Racism.  It’s out there.  It’s all around.  But what is it?  
I mean, I know how scholars define it and I’ve listened to many people in the US and Ecuador talk about it.  But what does it mean to me?  For this post, I decided to go out on a little limb and discuss the affects of racism on my life in the US and the effects of race on my life here in Ecuador.
In the United States, I came from a family who would never claim that they had racist tendencies, but I learned quickly that it was best to identify with our own color.  A door to door salesman came to our door once and I remember, at a young age in the 1970’s, listening to my mom berate him through the chained crack in the door.  She told him in a quivering voice that he didn’t belong here, and then she shut the door quickly in his face.  I had never seen my mother act like that before, and so I ran to another room to look out the window at who she would treat this way.  He was black.  I started to get the picture.   
In the 3rdgrade, the school district closed my beloved elementary school and I, with about 10 other white kids from my neighborhood were intentionally bused to a predominantly black and Latino school.  I learned quickly to keep my head down and my mouth shut.  I was the minority.  I hated it.
In 6thgrade, I brought home a story I was supposed to read about Martin Luther King, and my mom gave a full monologue about the kind of rubbish the schools were peddling.  “Don’t believe any of it”, she said, “he was a trouble-maker.”  I remembered the salesman.  I remembered her palpable fear.  We fear what we don’t know.  It all became more clear. 
My senior year of high-school I asked to have an end-of-the-year party in our big basement.  As we were making plans, I boldly informed my parents that I had friends of many colors.  I was inviting them all.  And, furthermore, as my parents, they were going to be nice to everyone.  Nothing was said.  We had a great party.  
When I became a teacher of the elementary grades, I made sure to make a big fanfare to my family about how I was teaching children of all colors, of all backgrounds, and of different legal statuses.  How I needed to learn Spanish so that I could communicate with my immigrant families.  And how, throughout the year, I tried really hard to acknowledge and celebrate their cultures, their traditions and leaders from their communities – especially, that “trouble-maker”.  My parents never said a word.  
And then 2008 came along.  And thanks to George Bush, Jr., my father was no longer a Republican.  Now, what was there to do?!  They had to vote for HIM.  There was no other choice.  And after watching HIM on the news for many months, and feeling like they were getting to know HIM, they had to admit, HE was intelligent, and charming.  HE was from Chicago, and ofcourse, the icing on the cake, HE had a lovely wife.  And so, in their late 80’s, my parents voted for Barak Obama.  It was a change – a conceptual shift – that I wouldn’t have believed was possible so many years earlier.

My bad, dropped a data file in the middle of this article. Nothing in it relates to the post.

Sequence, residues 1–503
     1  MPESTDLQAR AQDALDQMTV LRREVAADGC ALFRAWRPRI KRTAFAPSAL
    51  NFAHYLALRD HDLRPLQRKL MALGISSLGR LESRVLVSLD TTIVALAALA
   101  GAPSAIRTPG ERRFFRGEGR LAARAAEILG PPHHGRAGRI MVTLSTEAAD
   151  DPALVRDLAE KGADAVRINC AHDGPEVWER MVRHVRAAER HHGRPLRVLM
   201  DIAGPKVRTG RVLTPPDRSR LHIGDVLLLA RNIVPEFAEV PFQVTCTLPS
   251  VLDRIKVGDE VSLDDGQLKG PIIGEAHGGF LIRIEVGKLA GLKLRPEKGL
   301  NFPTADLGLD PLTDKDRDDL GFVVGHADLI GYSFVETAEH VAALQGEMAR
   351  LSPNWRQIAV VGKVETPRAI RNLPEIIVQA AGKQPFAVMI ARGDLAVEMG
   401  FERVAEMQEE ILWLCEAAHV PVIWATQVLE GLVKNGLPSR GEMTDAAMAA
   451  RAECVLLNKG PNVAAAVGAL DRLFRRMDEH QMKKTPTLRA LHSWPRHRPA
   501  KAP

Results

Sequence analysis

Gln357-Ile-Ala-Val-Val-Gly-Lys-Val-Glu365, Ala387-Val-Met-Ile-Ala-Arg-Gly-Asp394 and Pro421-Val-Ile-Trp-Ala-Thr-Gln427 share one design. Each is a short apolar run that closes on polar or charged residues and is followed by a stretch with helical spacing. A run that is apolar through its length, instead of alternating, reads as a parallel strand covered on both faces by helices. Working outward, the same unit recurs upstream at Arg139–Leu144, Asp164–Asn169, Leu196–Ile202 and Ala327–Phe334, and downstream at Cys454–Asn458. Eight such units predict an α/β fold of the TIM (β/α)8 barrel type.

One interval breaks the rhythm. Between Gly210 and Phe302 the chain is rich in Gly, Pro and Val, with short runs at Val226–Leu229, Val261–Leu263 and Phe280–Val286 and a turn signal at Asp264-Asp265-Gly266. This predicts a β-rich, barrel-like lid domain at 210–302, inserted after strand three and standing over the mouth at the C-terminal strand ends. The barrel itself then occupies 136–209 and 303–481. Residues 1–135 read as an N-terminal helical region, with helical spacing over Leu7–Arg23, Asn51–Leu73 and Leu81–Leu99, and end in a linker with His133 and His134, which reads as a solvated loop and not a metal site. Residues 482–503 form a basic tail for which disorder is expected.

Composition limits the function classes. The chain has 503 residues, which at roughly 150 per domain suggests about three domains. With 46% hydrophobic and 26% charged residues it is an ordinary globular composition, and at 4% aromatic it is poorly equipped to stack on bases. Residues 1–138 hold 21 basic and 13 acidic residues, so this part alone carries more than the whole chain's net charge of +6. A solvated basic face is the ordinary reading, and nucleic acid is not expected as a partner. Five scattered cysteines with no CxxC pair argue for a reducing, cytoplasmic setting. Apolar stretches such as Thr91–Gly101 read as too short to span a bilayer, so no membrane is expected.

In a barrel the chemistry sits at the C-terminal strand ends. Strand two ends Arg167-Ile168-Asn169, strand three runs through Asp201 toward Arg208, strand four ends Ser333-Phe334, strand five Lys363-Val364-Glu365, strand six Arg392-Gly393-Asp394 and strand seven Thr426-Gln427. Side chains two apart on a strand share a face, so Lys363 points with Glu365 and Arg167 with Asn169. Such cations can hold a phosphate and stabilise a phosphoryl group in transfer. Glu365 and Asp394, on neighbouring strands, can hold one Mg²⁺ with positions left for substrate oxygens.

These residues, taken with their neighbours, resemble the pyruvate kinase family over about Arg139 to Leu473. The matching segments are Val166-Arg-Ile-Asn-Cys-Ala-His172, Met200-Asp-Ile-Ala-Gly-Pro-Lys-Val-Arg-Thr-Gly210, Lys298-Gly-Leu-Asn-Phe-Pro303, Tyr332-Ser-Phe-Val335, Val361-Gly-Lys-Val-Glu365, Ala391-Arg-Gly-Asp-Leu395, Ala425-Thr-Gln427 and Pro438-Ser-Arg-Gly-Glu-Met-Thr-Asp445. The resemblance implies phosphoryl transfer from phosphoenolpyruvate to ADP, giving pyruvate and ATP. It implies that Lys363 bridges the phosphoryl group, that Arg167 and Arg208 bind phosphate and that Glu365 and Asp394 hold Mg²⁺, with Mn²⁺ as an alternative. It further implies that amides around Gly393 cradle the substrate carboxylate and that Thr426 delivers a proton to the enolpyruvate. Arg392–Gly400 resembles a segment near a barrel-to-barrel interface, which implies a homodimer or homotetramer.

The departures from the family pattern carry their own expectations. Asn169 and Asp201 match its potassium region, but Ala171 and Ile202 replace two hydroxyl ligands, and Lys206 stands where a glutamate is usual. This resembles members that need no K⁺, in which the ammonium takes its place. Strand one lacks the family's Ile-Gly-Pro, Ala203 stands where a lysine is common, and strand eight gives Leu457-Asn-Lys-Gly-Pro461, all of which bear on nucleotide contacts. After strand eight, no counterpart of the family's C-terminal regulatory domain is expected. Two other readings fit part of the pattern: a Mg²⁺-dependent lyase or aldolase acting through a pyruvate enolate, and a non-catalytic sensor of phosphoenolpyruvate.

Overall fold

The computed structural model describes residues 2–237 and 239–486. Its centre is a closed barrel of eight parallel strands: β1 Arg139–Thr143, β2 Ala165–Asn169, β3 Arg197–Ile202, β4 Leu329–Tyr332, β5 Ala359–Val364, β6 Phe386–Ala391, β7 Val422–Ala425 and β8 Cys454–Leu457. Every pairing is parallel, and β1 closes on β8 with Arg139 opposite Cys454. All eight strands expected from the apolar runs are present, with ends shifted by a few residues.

After my father died, I found a book in his collection by a lawyer and black activist.  It turns out, my father had donated to his cause.  
Now, so many years later, I’m living in the small, and fairly monocultural country of Ecuador.  There’s of course the variety of Indigenous groups who often wear their traditional clothing with pride, the Afro-Ecuadorians who are descendants of slaves, and the lighter-skinned Spanish-blooded Mestizos who don’t look or dress like either of the others.  And everyone else, such as a Gringita, is the tiny minority.  I now know intimately what it feels like to be different, and to be stared at by everyone in the room.  I’m hyper-aware of my skin color, and every moment of every day I make choices based on whether or not I think it will be appropriate or comfortable for me to enter a room or walk down a street.  My white privilege in the United States did not prepare me for this reality.  It’s exhausting. 

But everyday, I get up and face it again, attempting to speak the language and integrate into a culture that I often don’t understand.  To do this successfully, I have to do a lot of observing and listening, and when I just can’t help myself any longer, I try to frame an objective question to probe a little more deeply; always hoping to find the key to my confusion.  And so it goes with the issue of race; observing, listening and probing to learn more about how Ecuadorians maneuver through this issue.  

This is the only obviously racist thing I’ve ever seen in Ecuador, which is really hilarious to me, because some Ecuadorian is very confused about who is considered “white” in this world.  
I bought some white paint.  I plan to paint over it. 
Mestizos, of course, are the dominant heritage so I can’t help but to see examples of their attitudes toward others.  For their part, l see coordinated efforts to honor the other group’s cultures by learning their dances, their songs, participating in their traditions during holidays and, of course, sharing in their fiestas.  During our Peace Corps training, there was some discussion on the part of the volunteers about the correctness of cultural appropriation.  Ecuadorians think worries about this are silly.  To them, the best way to honor another people is to dress like them, dance like them and celebrate such as they do.  And it’s true, at every festival, there are dance groups decked out in traditional clothing trained to dance the dance of the people – of all the people of Ecuador.